Hawaiian Airlines’ parent company cut its outlook for a key revenue measure, citing low fares and sluggish demand — the second U.S. airline to issue a gloomy forecast in as many days.
“Year-over-year visitor growth from North America to Hawaii remains positive, but at a slower pace than industry capacity growth,” Hawaiian Holdings Inc. said Wednesday. Revenue for each passenger flown a mile, a gauge of pricing power, will decline 3 to 5 percent this quarter, the carrier said. It previously estimated that the figure would drop no more than 2.5 percent.
Hawaiian also said it had lower-than-expected demand within its neighbor island network, primarily to Hawaii island where lava eruptions deterred visitors from booking trips.
The update came a day after Delta Air Lines Inc. said so-called unit revenue would increase 3.5 percent, pared from a previous outlook of as much as 5 percent.
The twin warnings stir uncertainty about how the quarter will play out for the industry. Delta’s statement Wednesday pushed its shares down the most in two years, carrying other airlines down amid a broad market rout. Fuel costs have been swinging wildly, however, and were down almost 20 percent in November. Alaska Air Group Inc. and Spirit Airlines Inc. recently boosted investors by offering bullish outlooks.
Hawaiian is bracing for more competition, meanwhile. Southwest Airlines Co. plans to begin flying to the islands from California next year, which could further depress fares. The stock market was closed Wednesday to honor the late former President George H.W. Bush.
Hawaiian said fourth quarter unit costs are likely to decrease 1 to 3 percent. That would be slightly better than previous expectations, owing to nonrecurring items and lower-than-expected benefit and administrative expenses.
The airline also said that passenger traffic dipped 0.8 percent last month to 937,815 frm 945,568 in the year-earlier period. Its load factor, or the percentage of seats filled, fell 1.8 percentage points to 84.1 percent from 85.9 percent.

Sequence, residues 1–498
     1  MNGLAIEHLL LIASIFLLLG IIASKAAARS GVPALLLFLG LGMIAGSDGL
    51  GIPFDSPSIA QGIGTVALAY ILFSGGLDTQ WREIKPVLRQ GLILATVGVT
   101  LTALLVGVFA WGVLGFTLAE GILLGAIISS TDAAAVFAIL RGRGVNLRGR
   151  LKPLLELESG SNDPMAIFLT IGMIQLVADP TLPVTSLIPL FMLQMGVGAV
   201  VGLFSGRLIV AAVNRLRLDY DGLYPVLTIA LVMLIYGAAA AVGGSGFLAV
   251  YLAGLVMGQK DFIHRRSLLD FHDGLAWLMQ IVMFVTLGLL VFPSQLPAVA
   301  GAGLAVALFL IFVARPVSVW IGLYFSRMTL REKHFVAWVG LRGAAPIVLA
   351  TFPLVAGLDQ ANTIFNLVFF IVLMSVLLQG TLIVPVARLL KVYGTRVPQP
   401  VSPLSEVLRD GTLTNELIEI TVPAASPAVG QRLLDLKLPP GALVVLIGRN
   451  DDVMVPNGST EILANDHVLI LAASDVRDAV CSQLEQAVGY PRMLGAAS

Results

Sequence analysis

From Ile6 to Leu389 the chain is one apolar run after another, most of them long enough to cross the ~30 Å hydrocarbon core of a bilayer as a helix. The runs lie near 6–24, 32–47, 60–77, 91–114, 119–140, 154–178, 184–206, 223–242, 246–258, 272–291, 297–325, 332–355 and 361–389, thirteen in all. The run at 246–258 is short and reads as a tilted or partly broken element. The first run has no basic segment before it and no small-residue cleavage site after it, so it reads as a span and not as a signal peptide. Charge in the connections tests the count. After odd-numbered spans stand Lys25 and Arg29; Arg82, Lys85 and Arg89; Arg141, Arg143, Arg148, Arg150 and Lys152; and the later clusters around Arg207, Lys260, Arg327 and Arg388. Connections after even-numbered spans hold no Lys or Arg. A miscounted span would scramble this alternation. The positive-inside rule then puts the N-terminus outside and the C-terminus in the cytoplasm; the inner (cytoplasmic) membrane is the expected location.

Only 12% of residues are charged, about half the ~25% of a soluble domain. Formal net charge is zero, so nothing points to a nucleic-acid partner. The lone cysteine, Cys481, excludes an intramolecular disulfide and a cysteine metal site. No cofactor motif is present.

Hawaiian’s revenue passenger miles rose 2.8 percent to 1.37 billion from 1.33 billion while its available seat miles, or one seat transported one mile, increased 5 percent to 1.62 billion from 1.55 billion.
The airline also said Wednesday it is expanding its business class auction upgrade service called Bid Up to flights operating between Hawaii and Japan and South Korea.
The addition of Japan and Korea completes the rollout of the program that is now available on all of Hawaiian’s trans-Pacific flights. The service is available to all ticketed main cabin passengers on Hawaiian flights with an itinerary that contains at least one segment between Hawaii and any of the airline’s international destinations including the Osaka, Sapporo and Tokyo in Japan; Seoul; Auckland, New Zealand; Brisbane and Sydney in Australia; Pago Pago, American Samoa; and Papeete, Tahiti.
Eligible passengers will receive a Bid Up email approximately 10 days prior to departure inviting them to bid for available business class seats. Successful bidders will be notified 48 hours prior to departure.
Passengers accepted for Bid Up will receive two complimentary checked bags with priority baggage handling, expedited check-in lines, access to Hawaiian’s Premier Clubs or Plumeria Lounge (international business class only), priority boarding, cuisine from Honolulu Chef Lee Anne Wong and other featured chefs, unlimited in-flight beverage service, free access to the latest movies and over 150 hours of TV and music programming.
Since Hawaiian launched Bid Up in 2016, over 55,000 guests have received upgrades through the business class auction program.
Star-Advertiser reporter Dave Segal contributed to this report.